Why is motive not an element in this trial? What kind of murder trial doesn’t discuss motive? Is it not an element in the trial because it shows how much the Obama administration has been lying to the American people about this jihad attack? “Prosecutors: Hasan was on jihad,” by Sig Christenson for MySa.com, August 2 (thanks to Pamela Geller):
FORT HOOD “” Prosecutors Friday likened Maj. Nidal Hasanto a suicide bomber, saying he carefully researched the issue of going on jihad before an attack that left 13 people dead and 32 wounded, all but two of them soldiers.
It was the first time the government has made the allegation or cited evidence that would support the claim that Hasan sought to martyr himself at the end of the massacre.
“We believe that just like a suicide bomber, Major Hasan had no intention of leaving 5/11 alive,” Col. Steve Henricks, one of three prosecutors, said, referring to the day of the attack.
An American born of Palestinian immigrants, Hasan has told a court here that he was the gunman in the Nov. 5, 2009 rampage, and that he hoped to stop U.S. soldiers from killing Taliban insurgents, their leader Mullah Mohammad Omar and innocent Afghan women and children.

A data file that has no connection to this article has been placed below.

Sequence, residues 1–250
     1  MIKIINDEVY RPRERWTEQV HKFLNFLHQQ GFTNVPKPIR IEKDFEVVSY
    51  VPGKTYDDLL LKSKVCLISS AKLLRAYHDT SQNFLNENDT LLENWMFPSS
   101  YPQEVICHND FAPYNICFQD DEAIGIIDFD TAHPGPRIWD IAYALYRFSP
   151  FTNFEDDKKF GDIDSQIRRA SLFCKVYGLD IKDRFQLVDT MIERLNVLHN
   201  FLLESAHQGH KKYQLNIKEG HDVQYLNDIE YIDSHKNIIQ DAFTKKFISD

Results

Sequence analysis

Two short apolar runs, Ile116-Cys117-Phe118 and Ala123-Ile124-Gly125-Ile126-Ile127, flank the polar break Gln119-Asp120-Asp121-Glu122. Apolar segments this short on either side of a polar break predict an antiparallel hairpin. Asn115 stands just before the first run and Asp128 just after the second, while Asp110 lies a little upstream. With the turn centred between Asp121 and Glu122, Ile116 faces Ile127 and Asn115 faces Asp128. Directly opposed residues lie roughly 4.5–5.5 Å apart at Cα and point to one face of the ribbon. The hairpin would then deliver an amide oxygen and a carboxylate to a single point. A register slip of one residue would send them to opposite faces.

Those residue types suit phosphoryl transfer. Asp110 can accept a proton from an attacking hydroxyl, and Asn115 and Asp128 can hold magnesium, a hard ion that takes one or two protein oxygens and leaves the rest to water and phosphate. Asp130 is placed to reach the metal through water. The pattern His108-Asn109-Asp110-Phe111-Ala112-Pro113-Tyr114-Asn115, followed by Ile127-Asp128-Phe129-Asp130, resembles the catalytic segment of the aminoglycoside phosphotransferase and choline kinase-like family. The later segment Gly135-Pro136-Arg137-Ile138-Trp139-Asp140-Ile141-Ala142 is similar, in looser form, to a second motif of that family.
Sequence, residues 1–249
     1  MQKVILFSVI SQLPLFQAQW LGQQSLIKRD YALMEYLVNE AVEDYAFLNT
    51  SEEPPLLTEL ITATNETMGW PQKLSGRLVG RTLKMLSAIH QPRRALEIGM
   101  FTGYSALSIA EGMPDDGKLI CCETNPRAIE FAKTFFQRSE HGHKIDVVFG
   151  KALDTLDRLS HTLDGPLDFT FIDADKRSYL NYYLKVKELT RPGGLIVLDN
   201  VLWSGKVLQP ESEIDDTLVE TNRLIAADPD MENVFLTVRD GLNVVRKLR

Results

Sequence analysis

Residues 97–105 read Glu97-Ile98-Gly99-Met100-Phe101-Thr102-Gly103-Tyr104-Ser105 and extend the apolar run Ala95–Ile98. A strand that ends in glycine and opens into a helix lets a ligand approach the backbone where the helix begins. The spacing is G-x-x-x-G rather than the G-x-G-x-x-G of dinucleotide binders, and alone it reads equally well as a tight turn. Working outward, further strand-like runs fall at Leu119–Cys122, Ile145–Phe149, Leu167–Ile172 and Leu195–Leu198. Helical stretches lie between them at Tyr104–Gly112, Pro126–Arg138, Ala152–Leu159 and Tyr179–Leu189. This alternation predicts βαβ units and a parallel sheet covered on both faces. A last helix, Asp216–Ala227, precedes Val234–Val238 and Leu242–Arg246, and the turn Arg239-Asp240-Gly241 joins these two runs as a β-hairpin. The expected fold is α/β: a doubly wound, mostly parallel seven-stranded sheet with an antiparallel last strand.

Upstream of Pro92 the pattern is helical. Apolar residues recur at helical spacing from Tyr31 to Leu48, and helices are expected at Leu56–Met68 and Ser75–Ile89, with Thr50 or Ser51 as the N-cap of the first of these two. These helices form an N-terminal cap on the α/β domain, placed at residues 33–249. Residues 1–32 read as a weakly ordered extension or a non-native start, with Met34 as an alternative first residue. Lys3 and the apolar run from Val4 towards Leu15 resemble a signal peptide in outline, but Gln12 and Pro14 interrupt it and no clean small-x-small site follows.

The day is often called “5/11” in the Fort Hood community.
Prosecutors have charged Hasan with 13 counts of premeditated murder. He faces another 32 counts of attempted premeditated murder in the worst shooting of its kind at an American military installation.
Until now, the prosecution has avoided stating a motive, but on Friday asked the judge, Col. Tara Osborn, to allow them to present witnesses and evidence that would show Hasan not only studied jihad but argued for it while pursing a master’s degree, and that he claimed U.S.-led wars in Iraq and Afghanistan were not justified.
Prosecutors also said that Hasan modeled his attack on an incident in which then-Sgt. Hasan Akbar killed two soldiers and wounded 14 on March 23, 2003 in Kuwait. Akbar was sentenced to death….
Prosecutors told Osborn that Hasan had one problem with jihad “” killing innocent bystanders. To avoid that, he purchased a handgun with a laser sight, Henricks said, and noted that witnesses say the Army psychiatrist avoided killing civilians.
Two civilians, a government civil service employee and a contract police officer, were shot that day. All the other victims were soldiers preparing to deploy.
“Motive is not an element in the trial,” Osborn told prosecutors.
“It’s not an element,” Henricks replied, “but it is a way to prove an element, which is premeditation.”